A subpoena requiring a person to produce evidence can assist in serving the administration of justice. However, in a computer driven society such as ours, serving a subpoena can lead to complications.

Subpoenas normally refer to hard copy documents but they can also refer to records stored on a computer. If a record is stored on a disk drive or server computer and it is not privileged information, it may be requested for production by the court.

The problem lies in the definition of ‘document’ and in the processes of retrieval of information. What does one do for example if the subpoena is seeking information stored on more than one computer or the information is stored in such a way that retrieval would require the computer to be reprogrammed?

There has been very little in the way of statutory guidance as to how an issue such as this can be easily resolved. In a recent case Jacomb v Australian Municipal Administrative Clerical & Services Union, Justice Heering raised the question as to whether a recipient of a subpoena is obliged to generate a document that does not currently exist and will only come into being after a number of other documents are merged together.

Justice Heering then drew the distinction between simply printing out a hardcopy form of an existing document and having to create a new document from information stored in electronic form. He determined that processing or calculating new information will create a new document and a subpoena cannot refer to a document that at the time the subpoena was issued, did not yet exist.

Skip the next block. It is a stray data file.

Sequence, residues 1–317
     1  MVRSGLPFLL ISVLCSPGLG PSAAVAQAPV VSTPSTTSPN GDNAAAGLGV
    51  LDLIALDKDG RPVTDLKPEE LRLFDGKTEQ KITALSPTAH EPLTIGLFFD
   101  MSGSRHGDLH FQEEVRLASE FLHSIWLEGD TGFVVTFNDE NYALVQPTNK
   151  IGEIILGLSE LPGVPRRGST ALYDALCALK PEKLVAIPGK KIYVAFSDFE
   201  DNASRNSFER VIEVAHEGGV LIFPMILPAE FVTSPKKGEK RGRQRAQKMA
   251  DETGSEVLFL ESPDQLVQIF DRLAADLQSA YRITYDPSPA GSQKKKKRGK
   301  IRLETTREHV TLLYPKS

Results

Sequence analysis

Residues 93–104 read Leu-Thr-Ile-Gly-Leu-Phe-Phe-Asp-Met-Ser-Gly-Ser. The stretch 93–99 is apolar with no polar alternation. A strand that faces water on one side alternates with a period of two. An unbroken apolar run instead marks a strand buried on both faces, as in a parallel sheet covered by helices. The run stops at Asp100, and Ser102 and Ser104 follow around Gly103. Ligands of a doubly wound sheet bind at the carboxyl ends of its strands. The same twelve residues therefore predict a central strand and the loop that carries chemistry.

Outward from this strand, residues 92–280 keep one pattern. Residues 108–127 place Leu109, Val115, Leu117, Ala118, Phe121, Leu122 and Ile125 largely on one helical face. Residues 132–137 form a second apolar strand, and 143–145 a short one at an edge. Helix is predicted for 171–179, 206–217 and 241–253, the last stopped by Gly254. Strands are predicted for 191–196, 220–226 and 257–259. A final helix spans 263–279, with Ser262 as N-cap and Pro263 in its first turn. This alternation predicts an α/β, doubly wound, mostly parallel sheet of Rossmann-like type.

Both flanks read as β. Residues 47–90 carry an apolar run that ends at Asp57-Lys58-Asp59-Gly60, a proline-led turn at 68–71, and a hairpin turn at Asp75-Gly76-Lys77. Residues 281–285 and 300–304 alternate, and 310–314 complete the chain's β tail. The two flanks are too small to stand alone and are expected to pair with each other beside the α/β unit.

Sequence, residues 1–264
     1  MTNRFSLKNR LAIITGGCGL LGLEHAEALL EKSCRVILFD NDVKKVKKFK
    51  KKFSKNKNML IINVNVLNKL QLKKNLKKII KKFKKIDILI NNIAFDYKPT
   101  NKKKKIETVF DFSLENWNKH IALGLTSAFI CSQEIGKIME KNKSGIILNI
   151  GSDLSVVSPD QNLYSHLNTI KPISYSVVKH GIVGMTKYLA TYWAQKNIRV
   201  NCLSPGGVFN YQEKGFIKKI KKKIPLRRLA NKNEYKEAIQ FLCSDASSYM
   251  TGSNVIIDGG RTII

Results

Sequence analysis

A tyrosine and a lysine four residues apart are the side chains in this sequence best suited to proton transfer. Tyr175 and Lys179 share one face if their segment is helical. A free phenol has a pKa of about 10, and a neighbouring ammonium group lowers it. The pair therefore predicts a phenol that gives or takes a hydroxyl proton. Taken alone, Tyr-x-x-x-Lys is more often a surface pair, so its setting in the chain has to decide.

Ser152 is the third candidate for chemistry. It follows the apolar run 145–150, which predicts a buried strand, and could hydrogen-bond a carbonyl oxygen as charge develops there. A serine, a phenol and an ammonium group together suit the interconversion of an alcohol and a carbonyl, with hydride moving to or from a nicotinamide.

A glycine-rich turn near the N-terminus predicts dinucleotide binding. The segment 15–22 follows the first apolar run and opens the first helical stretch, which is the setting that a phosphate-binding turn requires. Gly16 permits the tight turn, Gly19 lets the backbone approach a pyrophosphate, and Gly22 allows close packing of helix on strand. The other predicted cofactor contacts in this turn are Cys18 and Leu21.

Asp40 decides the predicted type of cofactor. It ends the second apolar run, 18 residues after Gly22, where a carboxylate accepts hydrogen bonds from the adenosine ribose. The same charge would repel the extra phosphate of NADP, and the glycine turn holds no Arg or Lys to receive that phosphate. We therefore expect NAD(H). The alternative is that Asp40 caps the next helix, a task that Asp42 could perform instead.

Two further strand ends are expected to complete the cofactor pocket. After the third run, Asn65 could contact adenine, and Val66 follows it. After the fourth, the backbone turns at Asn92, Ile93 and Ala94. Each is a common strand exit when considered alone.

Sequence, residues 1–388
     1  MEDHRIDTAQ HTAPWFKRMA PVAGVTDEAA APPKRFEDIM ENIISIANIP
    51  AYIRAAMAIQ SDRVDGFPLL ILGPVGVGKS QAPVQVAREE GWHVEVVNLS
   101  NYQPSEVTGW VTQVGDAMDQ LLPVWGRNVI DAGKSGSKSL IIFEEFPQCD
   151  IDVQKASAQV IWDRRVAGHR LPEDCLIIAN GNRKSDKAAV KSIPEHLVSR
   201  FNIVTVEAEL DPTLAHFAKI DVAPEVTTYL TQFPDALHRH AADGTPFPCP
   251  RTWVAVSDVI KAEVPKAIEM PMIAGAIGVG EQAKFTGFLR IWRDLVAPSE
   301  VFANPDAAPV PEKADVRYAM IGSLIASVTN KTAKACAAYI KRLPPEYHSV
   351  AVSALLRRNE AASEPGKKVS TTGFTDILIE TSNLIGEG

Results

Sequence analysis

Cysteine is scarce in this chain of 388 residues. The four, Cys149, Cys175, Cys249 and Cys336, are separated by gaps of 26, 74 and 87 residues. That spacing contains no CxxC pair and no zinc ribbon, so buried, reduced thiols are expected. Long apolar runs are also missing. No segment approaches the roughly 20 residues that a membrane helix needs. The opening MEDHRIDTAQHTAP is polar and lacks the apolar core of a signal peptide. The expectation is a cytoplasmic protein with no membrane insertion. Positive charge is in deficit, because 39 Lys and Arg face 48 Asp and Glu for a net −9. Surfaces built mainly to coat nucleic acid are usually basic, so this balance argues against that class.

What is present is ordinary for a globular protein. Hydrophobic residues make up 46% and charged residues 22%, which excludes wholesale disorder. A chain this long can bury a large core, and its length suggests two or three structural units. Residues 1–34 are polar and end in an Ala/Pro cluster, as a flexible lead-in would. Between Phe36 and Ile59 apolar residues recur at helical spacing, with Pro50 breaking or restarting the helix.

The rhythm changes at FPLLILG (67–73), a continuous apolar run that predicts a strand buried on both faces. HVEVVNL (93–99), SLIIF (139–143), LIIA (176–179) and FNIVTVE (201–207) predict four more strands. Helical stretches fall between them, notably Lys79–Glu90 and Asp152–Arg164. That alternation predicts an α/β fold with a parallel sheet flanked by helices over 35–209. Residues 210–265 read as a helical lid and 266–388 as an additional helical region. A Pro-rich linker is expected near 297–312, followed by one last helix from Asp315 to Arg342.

Certainly this is an area of the Law that needs to be addressed fairly quickly and in a sensible fashion. A direction or new legislation needs to set out how the Courts deal with subpoenas requiring recipients to;

Extract data from one or more computers; or

Seek information that exists but retrieval of that information requires reprogramming of the computer; or

Seek information that requires calculation or aggregation of existing data.

If direction is not forthcoming then as it stands many of those recipients of subpoenas will be excused from complying with the order to produce simply because of existing ill defined directions.

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